gunwharfman

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Re: Pennine Way Winter Gear List
« Reply #24 on: 21:53:47, 14/10/17 »
Like me! When I'm hiking, no real problems, stopping is the problem, it's then that I start to feel cold.

Another_Smith

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Re: Pennine Way Winter Gear List
« Reply #25 on: 09:37:50, 16/10/17 »
Well a smaller lighter bag (Osprey atmos 65 AG, by far the comfiest thing to ever grace my back), lighter boots (Salomon Quest 4D 2 GTX, again super comfy straight from the box when I tried them and a ton lighter than the Manta pros), new gps (Garmin GPSMAP 64s) , safety essentials and a sawyer water filter are all on order for delivery this week so thank you (My bank however does not!  ;D ).


Insulation has been mentioned numerous times here and I've always been warm enough in just the lightweight synthetic rab xenon hoodie that's also my pillow, I was just over preparing for going 'up north' being a midlander. I do sometimes wear that insulating layer in winter whilst walking and have used it a few times whilst snowboarding but its only ever a baselayer, that and maybe a hardshell depending on the conditions. It breathes well, dries quick and is light as a feather so just replace any kind of fleece mid-layer for this.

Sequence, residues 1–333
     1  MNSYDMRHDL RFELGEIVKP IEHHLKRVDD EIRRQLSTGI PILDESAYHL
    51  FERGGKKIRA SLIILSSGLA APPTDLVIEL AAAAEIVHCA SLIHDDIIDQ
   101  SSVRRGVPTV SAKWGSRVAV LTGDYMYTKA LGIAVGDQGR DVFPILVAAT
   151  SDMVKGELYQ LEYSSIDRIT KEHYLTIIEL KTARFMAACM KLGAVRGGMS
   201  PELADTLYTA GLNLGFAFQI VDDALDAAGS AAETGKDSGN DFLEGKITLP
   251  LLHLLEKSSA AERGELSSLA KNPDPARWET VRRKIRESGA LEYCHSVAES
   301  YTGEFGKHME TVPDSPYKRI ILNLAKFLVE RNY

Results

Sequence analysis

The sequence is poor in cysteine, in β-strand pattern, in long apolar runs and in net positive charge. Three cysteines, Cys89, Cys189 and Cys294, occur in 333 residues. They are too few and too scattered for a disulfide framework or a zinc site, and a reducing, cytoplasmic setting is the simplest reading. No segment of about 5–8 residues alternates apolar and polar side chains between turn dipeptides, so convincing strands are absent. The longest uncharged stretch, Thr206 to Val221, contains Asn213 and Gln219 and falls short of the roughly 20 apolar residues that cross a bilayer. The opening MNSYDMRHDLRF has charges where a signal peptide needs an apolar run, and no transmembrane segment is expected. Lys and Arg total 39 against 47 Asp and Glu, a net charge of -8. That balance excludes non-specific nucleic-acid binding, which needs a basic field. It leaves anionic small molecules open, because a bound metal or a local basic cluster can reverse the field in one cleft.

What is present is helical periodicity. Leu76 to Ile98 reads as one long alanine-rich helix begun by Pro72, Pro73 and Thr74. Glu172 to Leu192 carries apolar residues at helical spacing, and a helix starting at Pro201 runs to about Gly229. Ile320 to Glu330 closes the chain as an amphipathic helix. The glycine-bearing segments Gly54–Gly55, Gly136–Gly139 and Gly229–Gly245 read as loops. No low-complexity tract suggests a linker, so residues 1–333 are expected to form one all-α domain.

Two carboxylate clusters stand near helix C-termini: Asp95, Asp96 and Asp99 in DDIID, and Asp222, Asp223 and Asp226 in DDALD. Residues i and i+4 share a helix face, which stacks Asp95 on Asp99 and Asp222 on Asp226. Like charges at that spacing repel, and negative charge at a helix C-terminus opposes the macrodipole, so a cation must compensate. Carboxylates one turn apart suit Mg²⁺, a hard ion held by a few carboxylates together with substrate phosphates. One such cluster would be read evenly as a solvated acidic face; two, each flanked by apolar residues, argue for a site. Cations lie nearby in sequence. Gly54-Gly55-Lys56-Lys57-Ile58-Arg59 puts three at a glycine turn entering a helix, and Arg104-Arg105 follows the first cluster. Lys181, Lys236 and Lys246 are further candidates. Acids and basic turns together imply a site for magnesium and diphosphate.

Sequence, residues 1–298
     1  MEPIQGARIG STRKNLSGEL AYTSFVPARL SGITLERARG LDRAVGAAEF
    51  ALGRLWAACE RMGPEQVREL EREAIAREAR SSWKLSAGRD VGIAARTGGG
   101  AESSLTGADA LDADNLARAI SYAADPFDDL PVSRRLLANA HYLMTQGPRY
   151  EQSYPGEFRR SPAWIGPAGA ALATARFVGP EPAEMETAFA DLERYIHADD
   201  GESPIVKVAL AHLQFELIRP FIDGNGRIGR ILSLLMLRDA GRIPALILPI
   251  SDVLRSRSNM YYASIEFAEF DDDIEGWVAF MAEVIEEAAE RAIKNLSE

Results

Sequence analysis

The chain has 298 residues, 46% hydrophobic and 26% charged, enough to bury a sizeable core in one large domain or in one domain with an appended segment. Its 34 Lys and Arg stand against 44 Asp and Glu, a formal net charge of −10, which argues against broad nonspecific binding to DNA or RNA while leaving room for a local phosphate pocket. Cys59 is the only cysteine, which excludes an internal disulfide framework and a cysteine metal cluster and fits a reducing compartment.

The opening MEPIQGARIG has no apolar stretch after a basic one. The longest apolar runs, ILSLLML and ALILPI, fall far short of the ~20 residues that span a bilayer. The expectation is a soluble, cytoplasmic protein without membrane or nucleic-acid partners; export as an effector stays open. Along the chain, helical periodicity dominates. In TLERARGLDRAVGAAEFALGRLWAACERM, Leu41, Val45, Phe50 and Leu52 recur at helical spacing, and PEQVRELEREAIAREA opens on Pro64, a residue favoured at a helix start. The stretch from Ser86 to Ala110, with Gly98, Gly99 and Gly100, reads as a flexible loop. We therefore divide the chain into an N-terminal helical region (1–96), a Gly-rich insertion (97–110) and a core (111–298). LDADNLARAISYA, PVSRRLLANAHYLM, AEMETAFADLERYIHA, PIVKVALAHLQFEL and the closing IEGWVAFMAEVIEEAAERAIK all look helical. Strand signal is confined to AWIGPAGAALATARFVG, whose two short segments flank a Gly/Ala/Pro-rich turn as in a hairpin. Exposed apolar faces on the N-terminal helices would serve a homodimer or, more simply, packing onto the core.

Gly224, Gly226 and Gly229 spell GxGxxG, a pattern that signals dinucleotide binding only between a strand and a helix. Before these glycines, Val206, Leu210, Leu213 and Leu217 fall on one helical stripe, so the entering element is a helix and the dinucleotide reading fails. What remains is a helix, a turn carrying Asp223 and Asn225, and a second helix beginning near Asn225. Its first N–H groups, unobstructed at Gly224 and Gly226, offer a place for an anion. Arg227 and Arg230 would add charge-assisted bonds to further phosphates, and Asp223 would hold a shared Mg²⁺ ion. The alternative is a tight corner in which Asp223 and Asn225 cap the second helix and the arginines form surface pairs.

motorlaunch

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Re: Pennine Way Winter Gear List
« Reply #26 on: 11:49:31, 16/10/17 »
Your kit list didn't mention overtrousers. Rain is definitely a possibility in March. Also if you are intent on carrying 14 days food. What is your daily food plan.

gunwharfman

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Re: Pennine Way Winter Gear List
« Reply #27 on: 12:14:24, 16/10/17 »